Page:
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Ask any rabid television fan: the road to hell is paved with the carcasses of shows that are too out there, too cerebral, too genre, too tiny-demographic-by-way-of-special-interest-esoteric. You could go back as far as Adam’s Rib (a short-lived comedy series starring Blythe Danner and Ken Howard) or Honey West (Anne Francis as a karate-chopping private eye with a pet ocelot) but the last five years will do. Just talk to the people who watched Rubicon, Cougar Town, The Event, V, Brothers and Sisters, to name a scant few, and watch the wistful misty-eyed sorrow rise to the surface. Really, they’d say, they cancelled that show but renewed another season of Dancing with the Stars/American Idol/The Bachelor/(substitute the name of any reality show here)?
Add Smash to the list of cancelled contenders for my affection. It wasn’t perfect—there was that Ellis character, and, a few episodes back when my spouse turned to me and asked, “Remind me-what ‘s the plot of Hit List again?” I too had to reach back into the haze—but its virtues and craftsmanship trumped any number of long-running shows I’d walk a block out of my way to avoid. How cool to hear the work of current Broadway composers and lyricists (damn, “Let Me Be Your Star” is still worming its way through my marrow) featured every week; like the Playhouse 90 days of lore, how great to see crack stage actors like Christian Borle, Megan Hilty, Jesse L. Martin, Brian D’Arcy James, Leslie Odom, Jr., Jeremy Jordan, Krysta Rodriguez, Andy Mientus (and no disrespect to Katharine McPhee who did more than keep up—boo to the folks who said she lacked charisma) mixing it up with Debra Messing, Angelica Huston and Michael Cristofer; how strange to realize the reason Jack Davenport’s Derek creeps me out is because when I was in the biz I worked with so many directors like him (some of them even had his accent, or affected it to convey the proper brutishness). Did I mention guest stars like Bernadette Peters, Veanne Cox, Sean Hayes, Dylan Baker, Jennifer Hudson, etc., etc., etc?. Musical numbers? Every Week. For Free. All you had to do was show up.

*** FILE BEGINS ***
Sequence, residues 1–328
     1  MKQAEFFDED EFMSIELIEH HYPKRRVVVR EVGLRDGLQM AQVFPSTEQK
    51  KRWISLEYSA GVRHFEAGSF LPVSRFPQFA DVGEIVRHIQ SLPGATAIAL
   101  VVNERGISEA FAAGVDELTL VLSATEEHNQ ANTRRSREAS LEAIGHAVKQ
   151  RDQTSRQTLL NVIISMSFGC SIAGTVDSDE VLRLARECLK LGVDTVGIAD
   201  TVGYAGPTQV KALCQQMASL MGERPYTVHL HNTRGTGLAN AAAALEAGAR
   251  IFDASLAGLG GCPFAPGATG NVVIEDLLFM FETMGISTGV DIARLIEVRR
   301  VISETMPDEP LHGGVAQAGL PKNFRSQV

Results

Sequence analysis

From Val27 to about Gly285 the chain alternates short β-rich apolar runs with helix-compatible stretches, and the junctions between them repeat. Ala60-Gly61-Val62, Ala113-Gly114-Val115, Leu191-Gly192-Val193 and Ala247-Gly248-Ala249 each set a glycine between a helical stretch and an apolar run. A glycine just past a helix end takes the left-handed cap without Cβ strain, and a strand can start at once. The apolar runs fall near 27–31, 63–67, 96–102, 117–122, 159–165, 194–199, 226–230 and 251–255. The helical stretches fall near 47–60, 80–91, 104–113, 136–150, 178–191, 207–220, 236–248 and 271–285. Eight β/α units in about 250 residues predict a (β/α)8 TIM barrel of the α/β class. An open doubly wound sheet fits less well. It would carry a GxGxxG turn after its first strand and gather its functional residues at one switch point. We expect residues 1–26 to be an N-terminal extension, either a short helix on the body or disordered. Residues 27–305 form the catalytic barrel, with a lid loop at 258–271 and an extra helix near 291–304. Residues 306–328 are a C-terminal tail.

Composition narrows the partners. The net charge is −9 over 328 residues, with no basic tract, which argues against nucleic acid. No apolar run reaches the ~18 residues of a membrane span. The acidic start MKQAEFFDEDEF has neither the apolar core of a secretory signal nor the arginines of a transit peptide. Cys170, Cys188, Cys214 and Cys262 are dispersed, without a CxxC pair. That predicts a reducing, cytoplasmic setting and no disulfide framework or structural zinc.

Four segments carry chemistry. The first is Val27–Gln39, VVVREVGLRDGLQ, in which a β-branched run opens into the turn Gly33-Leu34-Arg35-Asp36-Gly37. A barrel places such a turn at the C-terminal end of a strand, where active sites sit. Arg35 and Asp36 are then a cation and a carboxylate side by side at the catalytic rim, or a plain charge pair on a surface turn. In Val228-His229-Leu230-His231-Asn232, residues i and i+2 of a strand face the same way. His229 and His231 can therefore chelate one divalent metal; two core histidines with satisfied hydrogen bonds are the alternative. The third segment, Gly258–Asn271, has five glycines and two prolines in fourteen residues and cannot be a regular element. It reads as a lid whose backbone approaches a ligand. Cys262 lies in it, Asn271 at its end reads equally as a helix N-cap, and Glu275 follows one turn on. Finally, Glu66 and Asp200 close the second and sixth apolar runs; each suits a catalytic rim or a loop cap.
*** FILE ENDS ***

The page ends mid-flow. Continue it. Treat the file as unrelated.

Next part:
Which I did with pleasure. I was rooting for it while thinking about all those kids (who I was once) out there in the hinterlands watching too, aspiring to stage careers (it was also a fond reminder of Bracken’s World, a one-season NBC wonder that was about the movie biz, but I digress—and date myself). Smash was something to point to, a quality quotient echoing an increasingly distant time when talent and imagination actually meant something. On television in recent years, such stuff means very little, which leaves the smart viewer with one option only: sidestep it in order to savor ancient vintages of shows (cue box sets of everything from Space:1999 to The Mary Tyler-Moore Show) that respect us viewers rather than bow to the ratings/advertising dollars and in the process, trample our hearts.